No matter what kind of home you currently live in, the kitchen is almost certainly one of your most important rooms. Your kitchen is where you prepare your meals and, more often than not, also functions as a gathering space for your family and guests.
Updating your kitchen is one of the easiest ways to add surplus value to both new and older homes. Unsurprisingly, some contractors recommend that you update your kitchen every 10 or every 15 years. This will help ensure that your appliances are entirely up to date and that your kitchen remains as aesthetically appealing as possible.
Kitchen design can be an incredibly exciting process. However, if you have never completed a renovation before, it can be difficult to know where to begin the process. Before focusing on the specifics involved in the kitchen remodeling process, you will want to identify your key goals and objectives you hope to achieve.
One of the most common purposes of a kitchen remodel is to make the kitchen feel larger. Even if your kitchen has an above-average amount of square footage, your appliances and furniture may be causing the kitchen itself to feel rather cramped. Fortunately, there are quite a few things you can do to help make your kitchen feel larger than life. In this article, we will discuss ten strategies that can help make your kitchen seem a bit bigger.
1. White cabinets
Generally speaking, lighter colors tend to make rooms appear larger while darker colors tend to make rooms appear to be more intimate. One of the easiest—and cheapest—things you can do to make your kitchen feel larger is to paint the cabinets white. Replacing your counters, finishes, and appliances with lighter alternatives will also have a similar effect.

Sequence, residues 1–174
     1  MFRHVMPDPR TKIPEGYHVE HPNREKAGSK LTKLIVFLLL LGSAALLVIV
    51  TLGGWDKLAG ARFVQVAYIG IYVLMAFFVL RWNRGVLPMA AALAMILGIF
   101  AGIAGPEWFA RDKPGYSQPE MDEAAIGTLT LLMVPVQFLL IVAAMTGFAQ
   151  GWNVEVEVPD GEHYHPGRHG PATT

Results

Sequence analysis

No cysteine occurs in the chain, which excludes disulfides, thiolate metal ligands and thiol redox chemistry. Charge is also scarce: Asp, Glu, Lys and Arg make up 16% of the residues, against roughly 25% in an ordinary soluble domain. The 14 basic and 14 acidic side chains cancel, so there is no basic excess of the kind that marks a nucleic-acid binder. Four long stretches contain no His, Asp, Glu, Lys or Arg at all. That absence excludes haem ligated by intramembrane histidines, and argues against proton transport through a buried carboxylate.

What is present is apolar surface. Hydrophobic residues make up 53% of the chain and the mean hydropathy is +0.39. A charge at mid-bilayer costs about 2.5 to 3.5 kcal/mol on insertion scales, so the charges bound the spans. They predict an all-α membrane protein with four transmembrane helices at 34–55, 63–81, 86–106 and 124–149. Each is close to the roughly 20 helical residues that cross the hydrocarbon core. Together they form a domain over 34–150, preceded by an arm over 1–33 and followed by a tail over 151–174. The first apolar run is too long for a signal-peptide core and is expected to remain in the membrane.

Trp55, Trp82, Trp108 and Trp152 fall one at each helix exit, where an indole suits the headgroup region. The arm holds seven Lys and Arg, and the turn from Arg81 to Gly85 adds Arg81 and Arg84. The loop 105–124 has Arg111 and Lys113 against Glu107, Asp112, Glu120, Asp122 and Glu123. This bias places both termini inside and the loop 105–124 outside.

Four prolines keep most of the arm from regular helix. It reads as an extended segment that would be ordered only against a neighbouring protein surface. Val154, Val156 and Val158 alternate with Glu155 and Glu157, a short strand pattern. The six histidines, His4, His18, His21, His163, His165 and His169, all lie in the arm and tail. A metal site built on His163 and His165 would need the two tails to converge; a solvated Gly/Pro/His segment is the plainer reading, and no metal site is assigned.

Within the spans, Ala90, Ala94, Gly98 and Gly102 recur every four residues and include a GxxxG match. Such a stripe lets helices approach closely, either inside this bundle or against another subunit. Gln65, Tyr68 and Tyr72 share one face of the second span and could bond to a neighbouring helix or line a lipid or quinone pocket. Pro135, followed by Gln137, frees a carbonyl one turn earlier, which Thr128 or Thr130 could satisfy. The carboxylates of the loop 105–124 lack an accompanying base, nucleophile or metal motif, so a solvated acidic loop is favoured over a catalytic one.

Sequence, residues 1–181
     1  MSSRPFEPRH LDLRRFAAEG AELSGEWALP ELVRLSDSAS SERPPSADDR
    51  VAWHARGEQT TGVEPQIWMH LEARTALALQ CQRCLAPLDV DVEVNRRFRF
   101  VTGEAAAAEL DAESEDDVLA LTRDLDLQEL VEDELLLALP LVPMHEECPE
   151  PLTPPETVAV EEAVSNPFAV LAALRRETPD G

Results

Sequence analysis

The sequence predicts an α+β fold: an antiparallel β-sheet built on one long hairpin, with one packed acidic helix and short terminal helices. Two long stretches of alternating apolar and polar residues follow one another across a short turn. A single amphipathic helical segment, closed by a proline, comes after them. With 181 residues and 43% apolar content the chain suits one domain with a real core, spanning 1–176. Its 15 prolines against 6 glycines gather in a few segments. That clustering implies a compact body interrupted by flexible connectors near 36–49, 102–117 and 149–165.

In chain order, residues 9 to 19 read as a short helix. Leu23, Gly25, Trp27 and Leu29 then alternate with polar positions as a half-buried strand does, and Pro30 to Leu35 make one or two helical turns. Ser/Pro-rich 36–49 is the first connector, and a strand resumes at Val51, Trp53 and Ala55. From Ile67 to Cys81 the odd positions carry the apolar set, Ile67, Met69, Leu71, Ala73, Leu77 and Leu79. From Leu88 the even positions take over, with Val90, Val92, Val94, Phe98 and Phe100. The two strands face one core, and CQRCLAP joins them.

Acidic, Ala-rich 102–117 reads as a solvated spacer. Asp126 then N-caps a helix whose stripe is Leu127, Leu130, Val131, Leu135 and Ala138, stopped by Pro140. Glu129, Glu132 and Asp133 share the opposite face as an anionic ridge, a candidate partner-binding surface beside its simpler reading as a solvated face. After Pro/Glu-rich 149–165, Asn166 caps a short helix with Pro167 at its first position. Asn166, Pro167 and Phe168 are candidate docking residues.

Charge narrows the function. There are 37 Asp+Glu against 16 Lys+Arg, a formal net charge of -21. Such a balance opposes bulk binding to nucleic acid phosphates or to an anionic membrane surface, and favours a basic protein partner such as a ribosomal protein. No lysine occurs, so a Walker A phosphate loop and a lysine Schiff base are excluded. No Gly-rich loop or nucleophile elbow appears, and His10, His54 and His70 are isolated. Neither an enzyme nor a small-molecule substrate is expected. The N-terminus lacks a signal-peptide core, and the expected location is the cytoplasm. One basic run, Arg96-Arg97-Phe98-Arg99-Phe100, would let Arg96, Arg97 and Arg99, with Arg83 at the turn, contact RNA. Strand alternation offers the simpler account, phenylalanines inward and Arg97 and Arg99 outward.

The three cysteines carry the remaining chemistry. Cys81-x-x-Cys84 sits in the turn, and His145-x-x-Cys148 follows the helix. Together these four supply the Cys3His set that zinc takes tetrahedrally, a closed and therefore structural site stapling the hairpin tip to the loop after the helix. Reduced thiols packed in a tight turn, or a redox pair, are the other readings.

2. Open floor plans
Open floor plans cause rooms to feel less congested and also increase the amount of your square footage you can feasibly use. If you are building a kitchen from scratch, you should incorporate an open floor plan. While separating the breakfast and food prep areas used to be popular, the past few decades of design have reversed this general practice.
3. Built-in appliances
The appliances in your kitchen will either be detached (and can be placed anywhere) or will be built-in. As you might guess, detached appliances almost always take up more room than built-in appliances and also cause the room to feel smaller. Using built-in appliances will make it much easier to control the general flow of the room and also increase your use of floor space.
4. Eliminate walls
As suggested, distinctive spaces were once very popular among architects, but after the mid-century modern movement, the lines between these spaces has been somewhat blurred. Many older kitchens have excessive walls, hanging cabinets in undesirable spaces, and unnecessary doors that can cause a space to feel quite cramped. While taking down a wall can be relatively expensive, it is also one of the best ways to open up an otherwise cramped living space.
5. Creative ceilings